As the equity bull market enters its seventh year investors are asking whether the risks of remaining in equities outweigh the potential rewards, according to BlackRock.
BlackRock chief investment strategist Russ Koesterich said the equity bull market has been “spectacular” with global equities growing 150 per cent since 2009, but as it enters its seventh year investors are questioning how much longer it can last.
“It is never a good idea to be the last one to leave a party. With the bull market entering its seventh year, investors are rightly nervous about whether or not it’s time to find the exit,” Mr Koesterich said.
Mr Koesterich pointed out that behind much of the anxiety over markets is the fact that stocks are expensive.
“Value is always somewhat ambiguous, but most metrics suggest that few segments, outside of select emerging markets and energy companies, are particularly cheap,” Mr Koesterich said.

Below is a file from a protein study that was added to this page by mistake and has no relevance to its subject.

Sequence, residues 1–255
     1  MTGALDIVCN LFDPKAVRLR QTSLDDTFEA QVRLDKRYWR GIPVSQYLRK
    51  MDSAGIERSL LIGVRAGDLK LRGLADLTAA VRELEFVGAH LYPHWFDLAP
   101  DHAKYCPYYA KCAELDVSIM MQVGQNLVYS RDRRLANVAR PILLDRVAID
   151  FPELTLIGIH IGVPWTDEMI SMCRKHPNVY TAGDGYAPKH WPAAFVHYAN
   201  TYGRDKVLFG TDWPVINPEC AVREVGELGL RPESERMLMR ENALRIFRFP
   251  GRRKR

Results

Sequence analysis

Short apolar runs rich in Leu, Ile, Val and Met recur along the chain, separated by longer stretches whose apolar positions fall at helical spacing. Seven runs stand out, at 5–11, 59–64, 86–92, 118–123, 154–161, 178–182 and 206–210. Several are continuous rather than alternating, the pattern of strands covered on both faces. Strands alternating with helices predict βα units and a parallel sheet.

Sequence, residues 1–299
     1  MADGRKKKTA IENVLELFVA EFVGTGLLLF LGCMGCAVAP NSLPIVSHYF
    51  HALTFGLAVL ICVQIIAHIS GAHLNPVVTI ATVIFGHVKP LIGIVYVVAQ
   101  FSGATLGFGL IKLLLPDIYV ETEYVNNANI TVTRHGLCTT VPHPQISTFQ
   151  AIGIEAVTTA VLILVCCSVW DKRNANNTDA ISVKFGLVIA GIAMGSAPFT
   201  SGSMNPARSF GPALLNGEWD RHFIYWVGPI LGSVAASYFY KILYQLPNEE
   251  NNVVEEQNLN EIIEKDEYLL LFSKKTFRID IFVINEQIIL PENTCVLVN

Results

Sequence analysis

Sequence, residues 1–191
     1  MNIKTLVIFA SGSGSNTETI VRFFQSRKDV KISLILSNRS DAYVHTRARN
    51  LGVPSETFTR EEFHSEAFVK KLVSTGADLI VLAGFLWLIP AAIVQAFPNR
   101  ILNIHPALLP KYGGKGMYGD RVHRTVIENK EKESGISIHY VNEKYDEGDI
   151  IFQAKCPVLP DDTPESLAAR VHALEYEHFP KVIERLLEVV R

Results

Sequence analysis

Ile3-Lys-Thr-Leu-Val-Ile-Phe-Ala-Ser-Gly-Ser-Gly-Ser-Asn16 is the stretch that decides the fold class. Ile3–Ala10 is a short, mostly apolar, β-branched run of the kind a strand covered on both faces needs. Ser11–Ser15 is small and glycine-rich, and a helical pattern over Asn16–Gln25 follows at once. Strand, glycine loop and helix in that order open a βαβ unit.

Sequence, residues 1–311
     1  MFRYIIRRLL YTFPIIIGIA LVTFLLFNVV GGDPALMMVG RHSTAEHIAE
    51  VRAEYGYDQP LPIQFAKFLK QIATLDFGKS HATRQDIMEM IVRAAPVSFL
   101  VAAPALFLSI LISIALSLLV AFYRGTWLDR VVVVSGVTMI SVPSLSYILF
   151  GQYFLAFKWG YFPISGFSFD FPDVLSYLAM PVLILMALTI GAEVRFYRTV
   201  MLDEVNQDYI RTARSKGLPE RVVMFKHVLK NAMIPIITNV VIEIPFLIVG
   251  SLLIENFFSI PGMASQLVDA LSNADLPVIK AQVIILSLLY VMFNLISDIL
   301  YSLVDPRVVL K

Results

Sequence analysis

“For much of the bull market, but particularly over the past three years, gains in most developed equity markets have been partially driven by investors willing to pay ever more for a dollar of earnings.
“Quantitative easing (QE) in the United States and the promise of QE in Europe have led to a prolonged period of multiple expansion in these markets,” he said.
Mr Koesterich also said while stagnation in emerging markets has left valuations at more reasonable levels, developed markets as a whole now trade above their long-term average.
“Most countries are currently trading at a premium to their 10-year average valuation,” he said.
“With the noticeable exception of Russia – the undisputed bargain in global equity markets – few markets outside of Asia are trading at a discount to their historical norms.
“Asia does stand out as the region with the most markets trading below their respective 10-year average valuations,” Mr Koesterich said.